• Read-alike suggestions by book and author
  • Book club discussions
  • and much more!
  • Just $10 for 3 months or $35 for a year
  • More about membership!

Support BookBrowse

Become a Member and discover books that entertain, engage & enlighten!

Join Today!

Editor's Choice

  • Book Jacket: The Islamic Enlightenment
    The Islamic Enlightenment
    by Christopher de Bellaigue
    In this comprehensive and well-researched history, de Bellaigue examines the evolution of Islamic ...
  • Book Jacket: The Leavers
    The Leavers
    by Lisa Ko
    The day before Deming Guo saw his mother for the last time, she surprised him at school. A navy blue...
  • Book Jacket: Wonderful Feels Like This
    Wonderful Feels Like This
    by Sara Lovestam
    High school is hard; or perhaps, more accurately, growing up and finding oneself is hard. This is ...

Book Discussion
Book Jacket
The One-in-a-Million Boy by Monica Wood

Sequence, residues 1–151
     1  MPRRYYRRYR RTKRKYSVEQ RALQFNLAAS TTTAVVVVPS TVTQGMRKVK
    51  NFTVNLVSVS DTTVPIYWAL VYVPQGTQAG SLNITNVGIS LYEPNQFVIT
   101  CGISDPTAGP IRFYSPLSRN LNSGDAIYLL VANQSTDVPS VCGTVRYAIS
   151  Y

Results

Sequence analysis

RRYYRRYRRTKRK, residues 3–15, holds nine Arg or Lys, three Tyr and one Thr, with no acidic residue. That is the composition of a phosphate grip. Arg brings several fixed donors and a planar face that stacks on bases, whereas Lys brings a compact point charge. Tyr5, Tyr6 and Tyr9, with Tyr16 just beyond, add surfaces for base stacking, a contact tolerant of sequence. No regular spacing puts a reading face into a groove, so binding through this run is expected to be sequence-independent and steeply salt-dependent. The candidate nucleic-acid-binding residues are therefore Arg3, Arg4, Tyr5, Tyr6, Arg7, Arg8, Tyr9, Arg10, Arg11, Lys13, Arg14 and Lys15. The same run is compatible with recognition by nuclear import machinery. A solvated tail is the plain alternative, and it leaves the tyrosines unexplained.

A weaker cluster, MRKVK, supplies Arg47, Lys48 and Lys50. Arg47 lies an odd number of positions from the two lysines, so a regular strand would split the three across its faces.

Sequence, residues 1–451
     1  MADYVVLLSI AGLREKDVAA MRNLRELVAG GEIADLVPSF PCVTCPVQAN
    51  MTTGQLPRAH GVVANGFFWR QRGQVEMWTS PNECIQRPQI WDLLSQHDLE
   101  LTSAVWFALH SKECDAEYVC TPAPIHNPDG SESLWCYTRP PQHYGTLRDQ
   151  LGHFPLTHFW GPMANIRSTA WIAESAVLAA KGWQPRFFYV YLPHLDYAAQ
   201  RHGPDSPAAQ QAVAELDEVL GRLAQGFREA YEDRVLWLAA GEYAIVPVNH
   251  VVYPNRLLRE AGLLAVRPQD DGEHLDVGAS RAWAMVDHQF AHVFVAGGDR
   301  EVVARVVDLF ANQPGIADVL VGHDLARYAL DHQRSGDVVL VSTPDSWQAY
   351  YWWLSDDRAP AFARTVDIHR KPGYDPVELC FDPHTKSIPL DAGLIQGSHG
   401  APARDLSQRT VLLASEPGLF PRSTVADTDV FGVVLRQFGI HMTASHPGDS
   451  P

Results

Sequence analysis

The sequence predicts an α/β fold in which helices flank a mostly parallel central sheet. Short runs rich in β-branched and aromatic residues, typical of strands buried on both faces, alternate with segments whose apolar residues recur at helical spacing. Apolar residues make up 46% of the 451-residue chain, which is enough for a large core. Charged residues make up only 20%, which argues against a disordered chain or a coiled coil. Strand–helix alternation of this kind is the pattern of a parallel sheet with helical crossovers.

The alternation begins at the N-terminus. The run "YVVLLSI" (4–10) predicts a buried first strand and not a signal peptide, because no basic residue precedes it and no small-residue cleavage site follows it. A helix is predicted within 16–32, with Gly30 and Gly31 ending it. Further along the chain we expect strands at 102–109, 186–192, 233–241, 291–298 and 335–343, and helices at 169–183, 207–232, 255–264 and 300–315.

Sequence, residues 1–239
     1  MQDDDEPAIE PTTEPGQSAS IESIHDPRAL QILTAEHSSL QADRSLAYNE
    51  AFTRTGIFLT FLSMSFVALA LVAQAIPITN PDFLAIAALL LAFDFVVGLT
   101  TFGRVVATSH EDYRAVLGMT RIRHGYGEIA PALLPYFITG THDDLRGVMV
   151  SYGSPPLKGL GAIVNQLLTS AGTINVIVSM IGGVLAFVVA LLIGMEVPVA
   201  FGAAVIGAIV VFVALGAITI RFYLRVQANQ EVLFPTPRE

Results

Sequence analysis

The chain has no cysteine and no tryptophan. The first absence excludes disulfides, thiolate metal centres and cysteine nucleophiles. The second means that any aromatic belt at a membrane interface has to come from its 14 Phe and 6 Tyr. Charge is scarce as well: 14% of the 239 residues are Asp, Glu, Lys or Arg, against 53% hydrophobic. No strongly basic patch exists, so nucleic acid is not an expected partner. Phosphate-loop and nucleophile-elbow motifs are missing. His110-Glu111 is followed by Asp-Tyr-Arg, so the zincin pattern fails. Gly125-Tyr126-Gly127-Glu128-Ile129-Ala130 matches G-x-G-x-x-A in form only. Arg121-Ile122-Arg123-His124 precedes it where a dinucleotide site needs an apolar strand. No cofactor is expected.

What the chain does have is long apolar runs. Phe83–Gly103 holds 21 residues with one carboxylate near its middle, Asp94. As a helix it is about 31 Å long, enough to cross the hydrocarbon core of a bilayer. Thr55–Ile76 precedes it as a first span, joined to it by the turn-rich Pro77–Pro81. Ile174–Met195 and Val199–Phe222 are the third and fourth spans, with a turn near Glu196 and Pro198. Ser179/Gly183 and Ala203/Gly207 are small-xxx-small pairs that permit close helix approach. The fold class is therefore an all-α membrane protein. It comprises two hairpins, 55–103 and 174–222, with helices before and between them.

A richly layered novel of hearts broken seemingly beyond repair and then bound by a stunning act of human devotion.

About the book
Join the discussion!

First Impressions

  • Book Jacket

    The Scribe of Siena
    by Melodie Winawer

    Equal parts transporting love story, meticulously researched historical fiction, and compelling time-travel narrative.
    Reader Reviews

Win this book!
Win The Chalk Pit

The Chalk Pit:
A Ruth Galloway Mystery

A string of murders takes Ruth underground in the newest book in the series.

Enter

Word Play

Solve this clue:

T W Don't M A R

and be entered to win..

Books that     
entertain,
     engage

 & enlighten

Visitors can view some of BookBrowse for free. Full access is for members only.

Join Today!

Your guide toexceptional          books

BookBrowse seeks out and recommends books that we believe to be best in class. Books that will whisk you to faraway places and times, that will expand your mind and challenge you -- the kinds of books you just can't wait to tell your friends about.

 
Modal popup -